Here Come the Changes! Fannie Mae Sets Release Weekend for Desktop Underwriter™ 10.0

Here Come the Changes! Fannie to release DU 10.0

Well, we finally know a *LITTLE* more about Fannie’s plan to release the brand-spanking-new version of Desktop Underwriter™ (DU™).

If you took Real Estate Institute’s live Mortgage continuing education class last year, you heard me talk about Fannie’s plans to revamp and update their underwriting engine to take into account “new and improved” (*your mileage may vary) credit report data that the mortgage industry has not previously utilized. The data to which I’m referring is called trended credit data, and it incorporates much more information about consumers than most of you have ever seen before.

Right now, our mortgage credit reports are basically “snapshot” reports – that is, they show the consumer’s payment history, current balance, credit limit, dates opened, etc. That data is updated typically once per month from each reporting account, and what we know about our customer is what is reported on that day from that creditor. Thus, if Joey Bagadonutz is someone who pays off his credit cards in full each month, but his outstanding balance on the day the account reports to the bureaus is $3,500, we see that balance as $3,500 with no indicator of how long it has been that high. Now, imagine that the limit on Joey’s account is $4,000. Our current underwriting algorithms see him as a SIGNIFICANT CREDIT RISK because of his credit utilization. Not good for Joey.

With trended data, not only will we be able to view the outstanding balance and limit, we’ll be able to see how much Joey has paid on his accounts each month for the past two years! For a guy like Joey who pays his account in full, this is fantastic; we’ll be able to really dig into his excellent credit history beyond today’s “well, he’s never been late.” Thus, Joey gets a better risk evaluation, which leads to a better rate, which leads to happy Joey, pink unicorns, rainbows and Santa Claus! Can’t get any better than this, right?

Well, if you’re Joey, yes.

However, if you’re someone who carries a balance each month, not so much. Let’s say you’re working with Bubba Buysalot on a purchase of a new home. Bubba is a guy who has 6 open credit cards, is under 50% utilization on all of them, and has never missed a payment. In today’s credit world, our algorithms see him as a TOP-TIER RISK LEVEL because of his utilization and payment history. Good for Bubba. Now, with the new trended data, we dig deeper and see that Bubba has made just the minimum payment on all six accounts and his balance over time has been increasing. Now, Bubba is no longer a top-tier borrower. He gets a worse risk evaluation (due to the fact that those who make minimum payments default on debt at a rate 3 to 5 times higher), which leads to a higher rate or a declined loan, which leads to sad Bubba, rain clouds, bee stings and Lucy pulling away the football when he tries to kick it.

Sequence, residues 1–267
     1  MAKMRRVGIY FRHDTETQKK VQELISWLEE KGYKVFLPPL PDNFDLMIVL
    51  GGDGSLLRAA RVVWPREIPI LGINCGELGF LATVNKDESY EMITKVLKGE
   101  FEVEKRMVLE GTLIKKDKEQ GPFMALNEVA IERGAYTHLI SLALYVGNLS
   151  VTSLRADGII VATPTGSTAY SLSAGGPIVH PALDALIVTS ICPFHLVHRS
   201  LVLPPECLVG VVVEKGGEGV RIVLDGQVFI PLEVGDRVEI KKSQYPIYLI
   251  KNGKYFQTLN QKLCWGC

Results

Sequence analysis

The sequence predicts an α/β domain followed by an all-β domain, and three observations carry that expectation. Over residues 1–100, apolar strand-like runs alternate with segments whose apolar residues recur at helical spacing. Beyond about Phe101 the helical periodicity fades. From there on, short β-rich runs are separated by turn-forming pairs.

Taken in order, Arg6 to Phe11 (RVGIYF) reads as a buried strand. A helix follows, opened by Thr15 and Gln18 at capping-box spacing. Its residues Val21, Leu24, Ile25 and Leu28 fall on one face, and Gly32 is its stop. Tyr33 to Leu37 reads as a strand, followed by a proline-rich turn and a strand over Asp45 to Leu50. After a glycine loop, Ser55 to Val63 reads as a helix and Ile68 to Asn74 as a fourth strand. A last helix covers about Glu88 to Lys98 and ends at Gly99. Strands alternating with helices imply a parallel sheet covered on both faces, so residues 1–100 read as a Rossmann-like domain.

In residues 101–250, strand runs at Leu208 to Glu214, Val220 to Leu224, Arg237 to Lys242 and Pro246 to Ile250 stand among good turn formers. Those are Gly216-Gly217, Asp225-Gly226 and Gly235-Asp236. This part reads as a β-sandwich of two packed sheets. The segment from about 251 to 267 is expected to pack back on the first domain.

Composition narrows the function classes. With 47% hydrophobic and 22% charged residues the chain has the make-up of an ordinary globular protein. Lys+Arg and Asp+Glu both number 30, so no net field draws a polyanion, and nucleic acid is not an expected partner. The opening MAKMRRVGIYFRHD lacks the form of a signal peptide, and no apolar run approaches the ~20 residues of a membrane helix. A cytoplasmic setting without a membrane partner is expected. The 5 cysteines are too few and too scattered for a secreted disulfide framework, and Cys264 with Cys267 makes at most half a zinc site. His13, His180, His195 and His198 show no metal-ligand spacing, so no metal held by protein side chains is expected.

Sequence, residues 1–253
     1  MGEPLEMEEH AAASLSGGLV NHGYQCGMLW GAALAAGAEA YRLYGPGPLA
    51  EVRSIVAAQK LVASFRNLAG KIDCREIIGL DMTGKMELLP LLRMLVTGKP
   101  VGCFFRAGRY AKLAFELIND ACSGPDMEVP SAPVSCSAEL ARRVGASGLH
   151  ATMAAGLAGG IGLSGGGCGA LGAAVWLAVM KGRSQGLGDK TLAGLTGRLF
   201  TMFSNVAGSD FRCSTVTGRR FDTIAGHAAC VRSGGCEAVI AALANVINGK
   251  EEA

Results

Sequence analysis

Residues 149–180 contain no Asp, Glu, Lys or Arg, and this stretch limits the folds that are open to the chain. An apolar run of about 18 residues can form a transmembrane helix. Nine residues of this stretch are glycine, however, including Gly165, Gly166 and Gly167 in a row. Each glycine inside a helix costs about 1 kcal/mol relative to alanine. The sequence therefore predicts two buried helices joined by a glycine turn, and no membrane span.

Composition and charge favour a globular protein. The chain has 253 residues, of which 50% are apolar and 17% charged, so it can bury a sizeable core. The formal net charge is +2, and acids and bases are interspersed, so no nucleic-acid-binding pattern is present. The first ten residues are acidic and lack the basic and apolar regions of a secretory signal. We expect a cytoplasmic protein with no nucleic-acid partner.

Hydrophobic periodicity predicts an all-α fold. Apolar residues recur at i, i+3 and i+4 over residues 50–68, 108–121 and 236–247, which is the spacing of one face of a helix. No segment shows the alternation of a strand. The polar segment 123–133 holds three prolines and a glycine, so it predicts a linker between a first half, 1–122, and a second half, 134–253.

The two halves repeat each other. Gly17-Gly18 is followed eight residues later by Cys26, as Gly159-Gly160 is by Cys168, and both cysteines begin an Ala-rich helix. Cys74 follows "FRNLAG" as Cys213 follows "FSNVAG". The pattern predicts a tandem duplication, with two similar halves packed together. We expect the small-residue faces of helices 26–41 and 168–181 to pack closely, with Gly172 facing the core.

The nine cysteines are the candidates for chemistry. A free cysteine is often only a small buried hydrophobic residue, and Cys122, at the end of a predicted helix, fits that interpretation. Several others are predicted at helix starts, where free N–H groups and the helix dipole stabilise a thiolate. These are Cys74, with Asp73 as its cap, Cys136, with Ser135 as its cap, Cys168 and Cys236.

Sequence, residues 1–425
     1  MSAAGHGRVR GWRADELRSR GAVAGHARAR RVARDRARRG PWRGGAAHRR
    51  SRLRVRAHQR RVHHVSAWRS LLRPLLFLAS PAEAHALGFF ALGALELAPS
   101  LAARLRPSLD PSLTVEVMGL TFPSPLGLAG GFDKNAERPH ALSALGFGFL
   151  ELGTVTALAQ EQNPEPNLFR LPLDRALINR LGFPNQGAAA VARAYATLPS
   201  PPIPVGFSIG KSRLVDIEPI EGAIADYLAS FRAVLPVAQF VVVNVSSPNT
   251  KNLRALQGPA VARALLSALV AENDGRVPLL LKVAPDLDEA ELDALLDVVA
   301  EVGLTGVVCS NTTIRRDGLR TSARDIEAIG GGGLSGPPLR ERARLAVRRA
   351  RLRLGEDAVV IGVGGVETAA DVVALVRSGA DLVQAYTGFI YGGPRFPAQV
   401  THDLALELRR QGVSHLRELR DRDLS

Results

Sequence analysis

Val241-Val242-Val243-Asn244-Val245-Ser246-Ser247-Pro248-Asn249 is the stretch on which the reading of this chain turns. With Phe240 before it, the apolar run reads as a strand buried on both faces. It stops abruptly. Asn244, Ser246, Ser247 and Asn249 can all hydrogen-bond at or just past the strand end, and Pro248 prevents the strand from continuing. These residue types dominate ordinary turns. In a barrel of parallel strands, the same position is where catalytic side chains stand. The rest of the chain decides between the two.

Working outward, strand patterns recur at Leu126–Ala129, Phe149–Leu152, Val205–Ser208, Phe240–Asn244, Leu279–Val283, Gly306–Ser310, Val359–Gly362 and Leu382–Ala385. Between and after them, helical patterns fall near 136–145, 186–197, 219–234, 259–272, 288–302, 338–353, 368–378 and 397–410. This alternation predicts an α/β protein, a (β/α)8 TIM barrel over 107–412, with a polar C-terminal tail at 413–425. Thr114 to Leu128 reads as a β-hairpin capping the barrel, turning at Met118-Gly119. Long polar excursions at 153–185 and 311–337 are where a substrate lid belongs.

You can see both sides of this coin, right? Deeper information and improved risk assessment is good for creditors, Fannie Mae and MBS investors, but it’s not good for every applicant.

OK. So WHEN is this new version of DU coming out? Good question. According to Fannie’s preview document released at the end of January, we can expect the rollout to occur on the weekend of June 25, 2016. We also can expect a series of training webinars and informational communications in the months leading up to the roll-out date. As of right now, all we really know is that this new release will evaluate trended credit data, as well as simplify the process for applicants with multiple financed properties. We’ll learn a lot more when Fannie issues the release notes sometime later this month. It will be interesting to see if they also incorporate some of the other changes they’ve been working on, such as creating a way for DU to evaluate borrowers with non-traditional credit histories, or if those will be relegated to a future release.

Now that you have this knowledge, it’s time to get out there and start educating your prospective borrowers about it, especially those who are sitting on the fence about purchasing a home. While you’re at it, start informing your referral sources, too! I’m sure there are gaggles of real estate agents and financial planners out there who’d like to know about these changes well in advance.

More to come when the Release Notes are, well, released. Until then…

Happy Originating!

Peter



Real Estate Institute is an NMLS-Approved Course Provider, #1400102. Each year, thousands across the country choose Real Estate Institute for its mortgage pre-license, SAFE test prep and continuing education programs. If you have questions about your education requirements, our compliance experts are available at 800-995-1700 from 8 a.m. – 6 p.m. (Central Time), Monday through Friday.

FANNIE AND FREDDIE LIMITED TO QUALIFIED MORTGAGES

In response to a directive last week from the Federal Housing Finance Agency, both Fannie Mae and Freddie Mac today issued bulletins indicating that they will only purchase qualified mortgages when the Ability-to-Repay rule goes into effect on January 10, 2014.  EFFECTIVE WITH APPLICATIONS TAKEN ON OR AFTER JANUARY 10, 2014, both Fannie and Freddie will rely on selling lender Representations and Warranties that all loans purchased are, in fact, qualified mortgages or are otherwise exempt from the ability-to-repay rule (i.e. the loan is secured by an investment property).

Aren’t ALL loans eligible for sale to the GSEs automatically Qualified Mortgages?  Why is this a big deal?